I’ve written many times here about how confusing the siSwati language can be. This post isn’t entirely about that. (I should note that my students frequently remind me that English is extremely difficult, and I agree.) One example of siSwati’s confusion is any number of ways to refer to males and females. Umfana (pronounced oom-fa-nah) and lijaha (pronounced lee-jah-ha) both refer to an individual boy. Bhuti wami (pronounced boo-tee wah-me) and mnaketfu (pronounced oom-nah-gate-foo) both mean “my brother”. Make (pronounced mah-gay) means “mother”, but it’s also used at times to mean “woman”. Umfati (pronounced oom-fah-tee) means “wife”, but is also used to mean “woman” at times. Dzadzewetfu (pronounced zah-zay-wait-foo) and sisi wami (pronounced see-see wah-me) both mean “my sister”.
On my homestead, my host family consists of my host mother and sister. Others may come back at certain times of the year. One of the people who comes back often is my host brother, who lives and works in South Africa. He speaks many languages including Zulu, Sesotho, Afrikaans, and English. Sometimes, I understand the Zulu and very small pieces of Sesotho. When my brother speaks to our little sister, I try to follow the conversation. Luckily, most times it’s siSwati or Zulu. I noticed that whenever he addressed her, he always started “Indlovukazi…”. That’s not her given name (which no one uses) or her nickname (which everyone, including our make, uses). I kept hearing it.
Indlovukazi, ufunani kudla (what do you want to eat)?
Indlovukazi, ufundze njani (how was school)?
One day, I decided to ask him what Indlovukazi meant. He chuckled, and explained that Indlovukazi (pronounced en-jlo-voo-gah-zee) means “queen” in Zulu. (In siSwati, it’s Indlovukati). He went on to explain that he wants her to grow up knowing that she’s a queen and demand to be treated accordingly. He explained that it’s his responsibility as an older brother to demonstrate how the world should regard her. It’s true. Our little sister might have a few names and be called many things in her lifetime. I can only hope that she remembers she is Indlovukazi.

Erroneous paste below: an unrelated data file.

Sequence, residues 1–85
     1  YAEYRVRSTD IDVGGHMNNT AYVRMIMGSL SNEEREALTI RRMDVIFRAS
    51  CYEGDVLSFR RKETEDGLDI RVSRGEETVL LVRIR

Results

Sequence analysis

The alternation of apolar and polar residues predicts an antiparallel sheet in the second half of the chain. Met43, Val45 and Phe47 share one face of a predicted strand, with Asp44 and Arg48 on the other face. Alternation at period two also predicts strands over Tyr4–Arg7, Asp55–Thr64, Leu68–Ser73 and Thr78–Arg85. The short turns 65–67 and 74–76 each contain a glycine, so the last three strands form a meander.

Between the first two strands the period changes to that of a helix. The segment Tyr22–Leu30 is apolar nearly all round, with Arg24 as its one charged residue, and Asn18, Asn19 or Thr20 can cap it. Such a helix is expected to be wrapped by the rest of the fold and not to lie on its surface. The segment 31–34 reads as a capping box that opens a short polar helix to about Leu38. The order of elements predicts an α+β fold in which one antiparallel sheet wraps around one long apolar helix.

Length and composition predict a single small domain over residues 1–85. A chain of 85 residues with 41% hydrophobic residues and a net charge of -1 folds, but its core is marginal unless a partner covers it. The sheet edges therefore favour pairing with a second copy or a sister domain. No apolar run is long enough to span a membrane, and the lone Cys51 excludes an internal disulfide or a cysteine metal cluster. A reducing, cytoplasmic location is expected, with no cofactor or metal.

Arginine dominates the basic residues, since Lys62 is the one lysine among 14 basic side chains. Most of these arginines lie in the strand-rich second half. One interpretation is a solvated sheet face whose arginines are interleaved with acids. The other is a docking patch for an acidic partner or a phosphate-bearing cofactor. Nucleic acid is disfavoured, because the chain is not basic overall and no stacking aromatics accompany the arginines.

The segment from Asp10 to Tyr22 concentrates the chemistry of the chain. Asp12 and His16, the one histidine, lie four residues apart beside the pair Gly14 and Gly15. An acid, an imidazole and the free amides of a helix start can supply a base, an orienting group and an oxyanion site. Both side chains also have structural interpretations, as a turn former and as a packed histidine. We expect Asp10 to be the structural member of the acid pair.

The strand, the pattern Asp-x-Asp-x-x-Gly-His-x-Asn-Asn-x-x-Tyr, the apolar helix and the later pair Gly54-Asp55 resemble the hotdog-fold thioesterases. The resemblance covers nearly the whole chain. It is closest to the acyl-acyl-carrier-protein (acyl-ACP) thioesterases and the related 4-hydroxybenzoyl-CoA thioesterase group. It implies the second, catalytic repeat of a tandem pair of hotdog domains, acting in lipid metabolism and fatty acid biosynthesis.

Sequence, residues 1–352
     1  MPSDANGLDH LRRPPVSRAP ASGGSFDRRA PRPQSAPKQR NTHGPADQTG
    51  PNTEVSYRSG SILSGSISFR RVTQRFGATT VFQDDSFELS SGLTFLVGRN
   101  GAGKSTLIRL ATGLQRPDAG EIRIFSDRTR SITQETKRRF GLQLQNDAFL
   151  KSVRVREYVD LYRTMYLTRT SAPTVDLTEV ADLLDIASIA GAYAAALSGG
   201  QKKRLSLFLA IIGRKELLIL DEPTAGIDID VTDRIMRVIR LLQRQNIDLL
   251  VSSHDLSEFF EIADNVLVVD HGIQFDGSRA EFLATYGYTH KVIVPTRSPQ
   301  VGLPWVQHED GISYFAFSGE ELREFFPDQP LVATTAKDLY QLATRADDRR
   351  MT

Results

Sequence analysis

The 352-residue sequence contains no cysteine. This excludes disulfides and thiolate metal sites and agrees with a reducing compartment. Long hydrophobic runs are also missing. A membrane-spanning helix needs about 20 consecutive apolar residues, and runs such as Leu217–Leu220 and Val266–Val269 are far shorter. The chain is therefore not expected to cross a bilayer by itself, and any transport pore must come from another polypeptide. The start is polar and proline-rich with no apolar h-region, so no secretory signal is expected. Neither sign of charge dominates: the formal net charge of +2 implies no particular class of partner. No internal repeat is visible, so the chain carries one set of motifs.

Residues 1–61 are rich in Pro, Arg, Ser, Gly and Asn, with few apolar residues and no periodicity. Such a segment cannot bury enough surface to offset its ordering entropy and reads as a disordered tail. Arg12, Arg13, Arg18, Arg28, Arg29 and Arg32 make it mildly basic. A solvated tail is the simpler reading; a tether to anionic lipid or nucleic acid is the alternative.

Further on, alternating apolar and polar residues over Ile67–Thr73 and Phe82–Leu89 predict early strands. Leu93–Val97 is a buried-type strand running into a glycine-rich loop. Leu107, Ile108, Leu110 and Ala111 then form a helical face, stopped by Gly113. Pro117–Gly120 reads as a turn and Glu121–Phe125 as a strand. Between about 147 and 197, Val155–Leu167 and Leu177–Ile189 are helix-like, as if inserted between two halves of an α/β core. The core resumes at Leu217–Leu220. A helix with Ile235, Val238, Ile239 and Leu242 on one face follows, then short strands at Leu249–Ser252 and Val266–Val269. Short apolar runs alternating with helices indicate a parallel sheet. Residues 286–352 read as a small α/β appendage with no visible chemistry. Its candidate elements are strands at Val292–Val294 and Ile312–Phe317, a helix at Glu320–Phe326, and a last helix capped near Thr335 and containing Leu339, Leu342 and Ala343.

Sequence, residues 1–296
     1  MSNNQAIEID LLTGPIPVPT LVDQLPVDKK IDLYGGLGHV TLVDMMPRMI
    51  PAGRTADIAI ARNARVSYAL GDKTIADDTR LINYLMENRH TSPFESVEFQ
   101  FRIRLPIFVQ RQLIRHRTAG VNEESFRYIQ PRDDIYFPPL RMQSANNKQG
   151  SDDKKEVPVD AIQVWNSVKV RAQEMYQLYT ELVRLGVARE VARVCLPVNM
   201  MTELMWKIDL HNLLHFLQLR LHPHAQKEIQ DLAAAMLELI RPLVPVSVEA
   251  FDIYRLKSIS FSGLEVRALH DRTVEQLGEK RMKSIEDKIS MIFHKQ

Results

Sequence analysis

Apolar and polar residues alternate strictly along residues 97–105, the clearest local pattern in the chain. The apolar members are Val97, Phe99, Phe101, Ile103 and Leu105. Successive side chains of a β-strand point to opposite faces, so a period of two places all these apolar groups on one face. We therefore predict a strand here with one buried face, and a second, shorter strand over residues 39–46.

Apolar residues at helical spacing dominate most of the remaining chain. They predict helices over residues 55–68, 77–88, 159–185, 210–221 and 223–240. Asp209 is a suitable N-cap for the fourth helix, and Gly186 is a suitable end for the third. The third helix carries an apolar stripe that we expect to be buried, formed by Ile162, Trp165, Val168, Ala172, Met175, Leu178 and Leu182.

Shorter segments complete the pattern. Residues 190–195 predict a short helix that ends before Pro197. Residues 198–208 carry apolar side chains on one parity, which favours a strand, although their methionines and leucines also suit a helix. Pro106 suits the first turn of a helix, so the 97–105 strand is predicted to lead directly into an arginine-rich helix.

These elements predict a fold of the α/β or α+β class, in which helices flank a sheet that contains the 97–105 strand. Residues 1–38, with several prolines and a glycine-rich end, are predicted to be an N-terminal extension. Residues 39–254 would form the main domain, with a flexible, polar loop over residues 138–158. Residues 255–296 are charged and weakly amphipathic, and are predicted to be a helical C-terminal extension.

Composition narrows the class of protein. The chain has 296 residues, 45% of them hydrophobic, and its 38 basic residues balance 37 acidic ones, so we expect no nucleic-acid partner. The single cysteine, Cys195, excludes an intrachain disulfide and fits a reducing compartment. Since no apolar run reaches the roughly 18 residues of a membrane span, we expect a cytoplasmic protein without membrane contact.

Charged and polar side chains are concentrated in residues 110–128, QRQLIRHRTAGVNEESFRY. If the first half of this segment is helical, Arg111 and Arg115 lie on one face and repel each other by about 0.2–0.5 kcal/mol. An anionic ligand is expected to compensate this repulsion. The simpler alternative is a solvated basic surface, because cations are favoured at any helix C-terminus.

Be kind to yourself.
P.S. – I would like to publicly thank my students who make sure I rise to the challenge of learning and speaking siSwati.
A few weeks ago, I was leaving school to go home. As I pass the gate and say bye to the students, I hear “c’ombole” as one of the students points to my bike. The confused look on my face lets them know that I don’t understand. “Cela boleke“, they clarify. I’m understanding a little better now.
One of the students explains c’ombole is the shortened version of cela boleke (pronounced click c-eh-la bo-lay-gay) meaning “please borrow me…/may I borrow…”. In this instance, the student was asking to borrow my bike. The student who explained the shortened siSwati went on to entertain my lamenting about how siSwati changes whenever I feel like I have a handle on it. She explained the concept of rolling siSwati by comparing it to English contractions and various stylistic preferences (that are present when speaking any language).
In English, “How are you doing?” becomes “How you?”; “cannot” becomes “can’t”; and “Where are you?” becomes “Where you at?” In siSwati, “uyakuphi” (pronounced oo-ya-goo-pee) becomes “uyaku” (pronounced oo-ya-goo) or “uya” (pronounced oo-yah). No meaning is lost, and the listener understands you want to know where s/he is going. This is not to be confused with “ukuphi…” (pronounced oo-goo-pee) meaning “Where is (a person)?” Sometimes, this gets rolled into “uku…” (pronounced oo-goo) or “uphi…” (pronounced oo-pee). Take for example the phrase, “ufuna ini ku wati” (pronounced oo-foo-nah ee-knee goo wah-tee). In everyday siSwati, this phrase becomes “ufunani kwati” (pronounced oo-foo-nah-knee gwah-tee). Both phrases are asking what you want to know.
With these realizations, I decided that I would focus on speaking and listening rather than reading and writing. One of the things that has helped me with this focus is a mobile voice recording app. When I hear a word or phrase I don’t understand, I record myself enunciating the word or phrase several times in siSwati with its English meaning. From time to time, I go back and listen to the recordings to refresh my memory. In that vain, I’d suspect that I’m around the fluency of an average toddler. Maybe a slightly below average toddler. Like toddlers, my subjects don’t always agree with my verbs. Sometimes, I mispronounce things. It’s possible that I might need something explained repeatedly. But eventually, we all understand. My conversations with toddlers and preschoolers are awesome, as everyone understands what’s being said. Sometimes, I can manage a conversation with my gogo, or grandmother.
Be kind to yourself.